The Handbook prepared by the Insolvency and Bankruptcy Board of India in association with British High Commission is based on inputs on the best practices followed by the Insolvency Practitioners in the United Kingdom and aims to stimulate the highest standards of ethics and professionalism among the Insolvency Professionals. This Handbook serves as a ready reckoner and a tool to assist the insolvency professionals and other stakeholders in the insolvency ecosystem, for imbibing and practising an ethical code of conduct.
Edited by: Thomas Robinson, Peter Walton First published in 1869 Contents: PART I: THE APPOINTMENT OF RECEIVERS BY THE COURT IN ENGLAND AND WALES; PRINCIPLES ON WHICH A RECEIVER IS APPOINTED BY […]
Supreme Court of India Insolvency and Bankruptcy Code, 2016 Alchemist Asset Reconstruction Company Ltd. Vs. M/s. Hotel Gaudavan Pvt. Ltd. & Ors (Civil Appeal No. 16929 of 2017) Arcelormittal India Private […]
LIST OF IMPORTANT CASES FOR LIMITED INSOLVENCY EXAMINATION w.e.f. 1st July 2019
Insolvency and Bankruptcy Board of India 30th March, 2019 Limited Insolvency Examination w.e.f. 1st July, 2019 The Board hereby publishes the syllabus, format etc. of the Limited Insolvency Examination (Examination) under regulation […]
The Insolvency and Bankruptcy Board of India was established on 1st October, 2016 under the Insolvency and Bankruptcy Code, 2016 (Code). It is a key pillar of the ecosystem responsible for implementation of the Code that consolidates and amends the laws relating to reorganization and insolvency resolution of corporate persons, partnership firms and individuals in a time bound manner for maximization of the value of assets of such persons, to promote entrepreneurship, availability of credit and balance the interests of all the stakeholders.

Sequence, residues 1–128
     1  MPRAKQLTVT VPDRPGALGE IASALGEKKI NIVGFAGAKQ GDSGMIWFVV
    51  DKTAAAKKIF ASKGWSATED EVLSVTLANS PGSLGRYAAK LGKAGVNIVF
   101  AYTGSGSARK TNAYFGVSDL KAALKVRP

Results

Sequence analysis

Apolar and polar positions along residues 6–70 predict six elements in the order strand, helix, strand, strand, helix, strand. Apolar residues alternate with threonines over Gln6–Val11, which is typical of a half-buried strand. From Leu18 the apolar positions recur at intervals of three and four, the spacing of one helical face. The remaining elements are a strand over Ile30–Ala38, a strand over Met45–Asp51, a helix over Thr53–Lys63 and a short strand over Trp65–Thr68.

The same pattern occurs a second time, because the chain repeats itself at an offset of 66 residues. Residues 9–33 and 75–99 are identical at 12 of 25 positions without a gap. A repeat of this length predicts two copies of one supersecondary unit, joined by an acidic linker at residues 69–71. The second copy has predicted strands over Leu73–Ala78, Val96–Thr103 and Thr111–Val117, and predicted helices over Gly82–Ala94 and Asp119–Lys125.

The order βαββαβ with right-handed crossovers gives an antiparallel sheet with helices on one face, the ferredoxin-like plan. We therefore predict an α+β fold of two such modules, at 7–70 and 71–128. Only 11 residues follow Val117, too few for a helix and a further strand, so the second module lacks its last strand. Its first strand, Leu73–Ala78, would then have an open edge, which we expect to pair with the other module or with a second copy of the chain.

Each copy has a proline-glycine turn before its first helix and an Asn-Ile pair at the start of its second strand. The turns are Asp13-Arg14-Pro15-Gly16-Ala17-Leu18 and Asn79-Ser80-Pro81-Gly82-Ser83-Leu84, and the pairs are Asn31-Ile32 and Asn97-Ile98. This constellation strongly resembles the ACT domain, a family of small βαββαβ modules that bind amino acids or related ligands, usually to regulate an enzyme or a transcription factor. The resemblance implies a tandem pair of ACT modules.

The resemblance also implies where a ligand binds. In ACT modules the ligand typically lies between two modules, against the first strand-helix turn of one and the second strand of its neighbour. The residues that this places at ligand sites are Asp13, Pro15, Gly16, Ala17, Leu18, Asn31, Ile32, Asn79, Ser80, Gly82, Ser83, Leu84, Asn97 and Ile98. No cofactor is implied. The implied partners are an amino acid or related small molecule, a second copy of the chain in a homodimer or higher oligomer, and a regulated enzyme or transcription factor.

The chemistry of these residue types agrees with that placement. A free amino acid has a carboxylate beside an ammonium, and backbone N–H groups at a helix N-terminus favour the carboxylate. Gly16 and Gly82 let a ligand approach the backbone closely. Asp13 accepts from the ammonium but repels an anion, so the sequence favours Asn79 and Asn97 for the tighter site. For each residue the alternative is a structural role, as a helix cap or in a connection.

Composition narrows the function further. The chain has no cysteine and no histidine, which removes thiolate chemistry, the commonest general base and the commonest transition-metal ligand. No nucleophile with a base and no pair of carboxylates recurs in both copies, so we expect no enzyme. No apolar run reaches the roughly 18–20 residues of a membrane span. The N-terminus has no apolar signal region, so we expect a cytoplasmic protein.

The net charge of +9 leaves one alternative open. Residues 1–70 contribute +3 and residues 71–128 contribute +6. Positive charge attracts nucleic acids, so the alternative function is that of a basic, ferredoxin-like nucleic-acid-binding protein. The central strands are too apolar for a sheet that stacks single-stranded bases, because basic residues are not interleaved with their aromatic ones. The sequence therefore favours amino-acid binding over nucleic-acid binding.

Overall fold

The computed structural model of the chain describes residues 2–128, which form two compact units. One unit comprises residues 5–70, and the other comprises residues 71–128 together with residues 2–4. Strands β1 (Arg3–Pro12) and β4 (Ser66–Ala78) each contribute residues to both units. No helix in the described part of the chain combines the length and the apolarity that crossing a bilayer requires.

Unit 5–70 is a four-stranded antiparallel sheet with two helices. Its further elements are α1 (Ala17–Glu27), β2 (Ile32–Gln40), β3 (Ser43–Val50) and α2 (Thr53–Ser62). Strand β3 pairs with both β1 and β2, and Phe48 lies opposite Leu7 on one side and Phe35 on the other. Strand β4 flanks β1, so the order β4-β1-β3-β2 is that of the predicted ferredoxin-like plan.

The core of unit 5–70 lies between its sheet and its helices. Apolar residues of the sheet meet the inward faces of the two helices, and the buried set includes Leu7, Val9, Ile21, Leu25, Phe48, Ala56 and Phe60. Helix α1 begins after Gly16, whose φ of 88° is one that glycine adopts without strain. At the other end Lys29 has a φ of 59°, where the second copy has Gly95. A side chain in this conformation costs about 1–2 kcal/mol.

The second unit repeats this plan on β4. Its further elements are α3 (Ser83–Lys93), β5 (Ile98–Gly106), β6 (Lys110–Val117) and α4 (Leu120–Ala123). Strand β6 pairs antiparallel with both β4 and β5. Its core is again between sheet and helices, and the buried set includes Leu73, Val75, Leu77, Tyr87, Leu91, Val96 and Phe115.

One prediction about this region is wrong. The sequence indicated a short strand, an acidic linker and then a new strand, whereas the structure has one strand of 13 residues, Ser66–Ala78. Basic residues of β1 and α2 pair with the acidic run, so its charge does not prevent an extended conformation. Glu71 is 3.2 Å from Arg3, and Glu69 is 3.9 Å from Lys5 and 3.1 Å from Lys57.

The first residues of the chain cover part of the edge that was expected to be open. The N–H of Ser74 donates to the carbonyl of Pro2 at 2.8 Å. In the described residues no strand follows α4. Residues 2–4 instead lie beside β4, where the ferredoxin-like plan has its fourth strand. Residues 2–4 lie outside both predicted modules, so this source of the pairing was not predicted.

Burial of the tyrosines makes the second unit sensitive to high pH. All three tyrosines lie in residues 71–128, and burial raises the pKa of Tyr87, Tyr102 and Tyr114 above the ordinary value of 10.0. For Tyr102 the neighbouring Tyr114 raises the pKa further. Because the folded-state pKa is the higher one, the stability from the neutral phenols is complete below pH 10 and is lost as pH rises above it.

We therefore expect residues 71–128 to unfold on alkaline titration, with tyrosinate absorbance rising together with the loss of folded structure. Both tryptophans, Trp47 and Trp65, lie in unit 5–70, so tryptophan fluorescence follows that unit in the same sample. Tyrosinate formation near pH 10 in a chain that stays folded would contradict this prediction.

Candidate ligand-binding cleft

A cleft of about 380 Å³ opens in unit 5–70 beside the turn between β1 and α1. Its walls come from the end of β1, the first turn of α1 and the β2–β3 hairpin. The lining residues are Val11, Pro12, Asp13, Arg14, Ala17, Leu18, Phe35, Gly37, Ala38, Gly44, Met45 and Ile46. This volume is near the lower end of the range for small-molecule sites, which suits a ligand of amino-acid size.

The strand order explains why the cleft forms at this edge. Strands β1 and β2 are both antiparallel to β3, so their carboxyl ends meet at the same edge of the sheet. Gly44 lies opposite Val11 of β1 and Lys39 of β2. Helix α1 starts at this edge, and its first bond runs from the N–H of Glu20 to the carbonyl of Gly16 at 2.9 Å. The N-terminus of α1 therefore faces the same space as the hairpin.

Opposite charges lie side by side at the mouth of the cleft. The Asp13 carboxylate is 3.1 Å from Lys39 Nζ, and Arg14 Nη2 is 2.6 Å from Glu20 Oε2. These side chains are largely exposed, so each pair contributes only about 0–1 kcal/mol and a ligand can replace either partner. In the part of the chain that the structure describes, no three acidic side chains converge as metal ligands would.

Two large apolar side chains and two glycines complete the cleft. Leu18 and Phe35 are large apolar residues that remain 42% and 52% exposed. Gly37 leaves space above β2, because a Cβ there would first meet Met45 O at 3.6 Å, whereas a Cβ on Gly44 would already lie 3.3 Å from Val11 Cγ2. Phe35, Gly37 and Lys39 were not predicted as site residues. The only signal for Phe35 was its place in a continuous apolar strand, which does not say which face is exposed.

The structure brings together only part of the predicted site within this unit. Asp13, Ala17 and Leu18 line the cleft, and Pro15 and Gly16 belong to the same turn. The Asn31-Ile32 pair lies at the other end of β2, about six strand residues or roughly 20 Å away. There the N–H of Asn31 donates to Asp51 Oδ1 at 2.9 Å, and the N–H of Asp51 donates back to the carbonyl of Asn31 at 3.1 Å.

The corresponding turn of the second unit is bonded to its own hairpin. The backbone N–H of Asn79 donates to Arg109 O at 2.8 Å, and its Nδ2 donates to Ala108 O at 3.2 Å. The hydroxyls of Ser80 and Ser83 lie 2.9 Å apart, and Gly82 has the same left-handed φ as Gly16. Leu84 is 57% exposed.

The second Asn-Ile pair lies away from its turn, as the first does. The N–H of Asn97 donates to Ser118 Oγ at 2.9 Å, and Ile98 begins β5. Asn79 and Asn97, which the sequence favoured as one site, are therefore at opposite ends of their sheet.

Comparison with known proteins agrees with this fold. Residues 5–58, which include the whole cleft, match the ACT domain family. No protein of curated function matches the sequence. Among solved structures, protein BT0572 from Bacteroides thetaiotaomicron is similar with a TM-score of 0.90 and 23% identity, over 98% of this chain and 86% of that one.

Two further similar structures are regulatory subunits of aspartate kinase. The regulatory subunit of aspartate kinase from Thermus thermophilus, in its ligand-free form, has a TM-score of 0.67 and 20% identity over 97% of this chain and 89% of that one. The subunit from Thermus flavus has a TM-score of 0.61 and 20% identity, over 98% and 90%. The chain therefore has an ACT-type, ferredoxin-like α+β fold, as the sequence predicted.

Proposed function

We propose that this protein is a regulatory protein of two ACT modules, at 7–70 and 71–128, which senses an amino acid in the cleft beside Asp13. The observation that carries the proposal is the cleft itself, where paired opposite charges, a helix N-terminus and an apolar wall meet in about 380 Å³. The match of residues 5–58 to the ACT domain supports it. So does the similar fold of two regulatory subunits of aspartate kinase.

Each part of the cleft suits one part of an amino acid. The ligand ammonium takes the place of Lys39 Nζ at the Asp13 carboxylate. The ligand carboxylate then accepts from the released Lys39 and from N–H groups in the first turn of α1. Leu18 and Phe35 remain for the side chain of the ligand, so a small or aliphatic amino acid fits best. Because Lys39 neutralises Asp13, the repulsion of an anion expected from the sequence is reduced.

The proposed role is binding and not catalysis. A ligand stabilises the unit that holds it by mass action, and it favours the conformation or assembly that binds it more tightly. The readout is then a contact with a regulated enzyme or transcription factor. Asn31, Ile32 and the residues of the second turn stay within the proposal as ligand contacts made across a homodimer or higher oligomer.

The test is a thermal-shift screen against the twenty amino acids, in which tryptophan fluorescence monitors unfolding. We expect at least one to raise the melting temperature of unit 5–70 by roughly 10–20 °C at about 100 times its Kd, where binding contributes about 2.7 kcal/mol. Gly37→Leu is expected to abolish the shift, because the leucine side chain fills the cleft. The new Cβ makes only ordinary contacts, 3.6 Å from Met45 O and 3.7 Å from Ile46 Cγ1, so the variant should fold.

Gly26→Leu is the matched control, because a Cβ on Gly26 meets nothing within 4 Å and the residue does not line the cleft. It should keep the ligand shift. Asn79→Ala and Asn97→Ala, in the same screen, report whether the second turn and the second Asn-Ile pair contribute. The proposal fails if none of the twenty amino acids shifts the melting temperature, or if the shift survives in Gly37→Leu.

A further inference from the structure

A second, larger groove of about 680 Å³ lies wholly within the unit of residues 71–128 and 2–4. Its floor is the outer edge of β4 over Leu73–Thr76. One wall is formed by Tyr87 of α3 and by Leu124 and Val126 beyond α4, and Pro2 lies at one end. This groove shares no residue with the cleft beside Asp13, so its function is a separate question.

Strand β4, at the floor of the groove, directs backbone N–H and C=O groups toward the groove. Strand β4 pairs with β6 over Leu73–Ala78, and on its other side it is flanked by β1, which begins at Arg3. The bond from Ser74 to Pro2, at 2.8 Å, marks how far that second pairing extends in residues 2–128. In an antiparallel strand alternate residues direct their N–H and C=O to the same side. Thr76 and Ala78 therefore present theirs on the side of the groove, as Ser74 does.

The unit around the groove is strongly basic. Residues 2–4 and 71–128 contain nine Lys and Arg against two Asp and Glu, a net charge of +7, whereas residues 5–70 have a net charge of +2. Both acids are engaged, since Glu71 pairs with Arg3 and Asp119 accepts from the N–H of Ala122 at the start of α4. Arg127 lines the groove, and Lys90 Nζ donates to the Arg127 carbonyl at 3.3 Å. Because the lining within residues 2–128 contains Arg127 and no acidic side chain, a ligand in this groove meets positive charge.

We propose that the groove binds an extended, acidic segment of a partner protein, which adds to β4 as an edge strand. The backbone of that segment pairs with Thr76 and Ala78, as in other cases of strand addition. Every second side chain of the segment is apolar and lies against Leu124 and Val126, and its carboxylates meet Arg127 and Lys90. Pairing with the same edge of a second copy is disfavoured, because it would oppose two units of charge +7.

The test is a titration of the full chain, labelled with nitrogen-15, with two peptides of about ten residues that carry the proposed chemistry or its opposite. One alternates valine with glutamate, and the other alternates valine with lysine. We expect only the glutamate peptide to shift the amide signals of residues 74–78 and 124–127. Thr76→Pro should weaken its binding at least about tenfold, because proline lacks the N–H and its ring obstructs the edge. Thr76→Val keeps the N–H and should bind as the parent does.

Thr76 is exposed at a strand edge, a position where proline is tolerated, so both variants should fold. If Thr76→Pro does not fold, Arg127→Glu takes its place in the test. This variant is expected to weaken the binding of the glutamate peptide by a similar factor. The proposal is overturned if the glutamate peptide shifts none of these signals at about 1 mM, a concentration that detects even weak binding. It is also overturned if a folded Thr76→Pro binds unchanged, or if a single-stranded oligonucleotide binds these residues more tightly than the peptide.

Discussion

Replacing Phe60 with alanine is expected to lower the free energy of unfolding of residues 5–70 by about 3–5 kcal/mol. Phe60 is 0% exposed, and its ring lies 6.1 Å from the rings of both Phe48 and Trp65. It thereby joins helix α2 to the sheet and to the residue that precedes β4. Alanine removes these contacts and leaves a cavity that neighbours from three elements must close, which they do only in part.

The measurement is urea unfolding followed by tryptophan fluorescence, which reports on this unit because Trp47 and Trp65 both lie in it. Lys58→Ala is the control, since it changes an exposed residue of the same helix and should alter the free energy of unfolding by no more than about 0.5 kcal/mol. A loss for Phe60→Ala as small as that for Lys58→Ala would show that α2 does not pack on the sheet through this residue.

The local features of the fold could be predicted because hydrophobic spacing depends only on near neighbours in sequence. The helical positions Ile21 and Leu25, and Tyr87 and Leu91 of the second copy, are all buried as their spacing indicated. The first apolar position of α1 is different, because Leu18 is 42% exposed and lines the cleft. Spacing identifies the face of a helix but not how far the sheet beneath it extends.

STATUTORY INTERPRETATION-if a statute requires a thing to be done in a particular manner, it should be done in that manner or not at all, articulated in Nazir Ahmad v. Emperor, AIR 1936 PC 253, has found widespread acceptance.
A perusal of the aforesaid provision makes it patent that the Limitation Act would apply to the proceedings or appeals before the Tribunal or the Appellate Tribunal. The question then is, what would be the period of limitation in cases where the petitioner has complained of illegal induction of respondents as directors and wrongful reduction of their share capital with the allegations against the respondents of grabbing majority shareholding unfairly as an act of oppression. It appears that there is no specific provision made either in the substantive section of the Limitation Act or in the articles as per the Schedule. A close scanning of the schedule, however, reveals that Articles 1-112 deal with various types of suits, viz., suits relating to accounts where period of limitation is three years, suits relating to contracts where again the period of limitation is three year; suits relating to declarations, suits relating to immovable properties, suits relating to movable properties, suits relating to Trust and Trust property and miscellaneous matters. In most of die cases, the period of limitation is three years except the suit for possession of a hereditary office etc (from Articles 107 to 110) where the period of limitation prescribed is 12 years or Articles 111 and 112 where the period prescribed is 30 years.
Introductory Text The First Group of Parts Company Insolvency; Companies Winding Up Part I Company Voluntary Arrangements Part II administration Part II Administration Orders Part III Receivership Part IV Winding Up of […]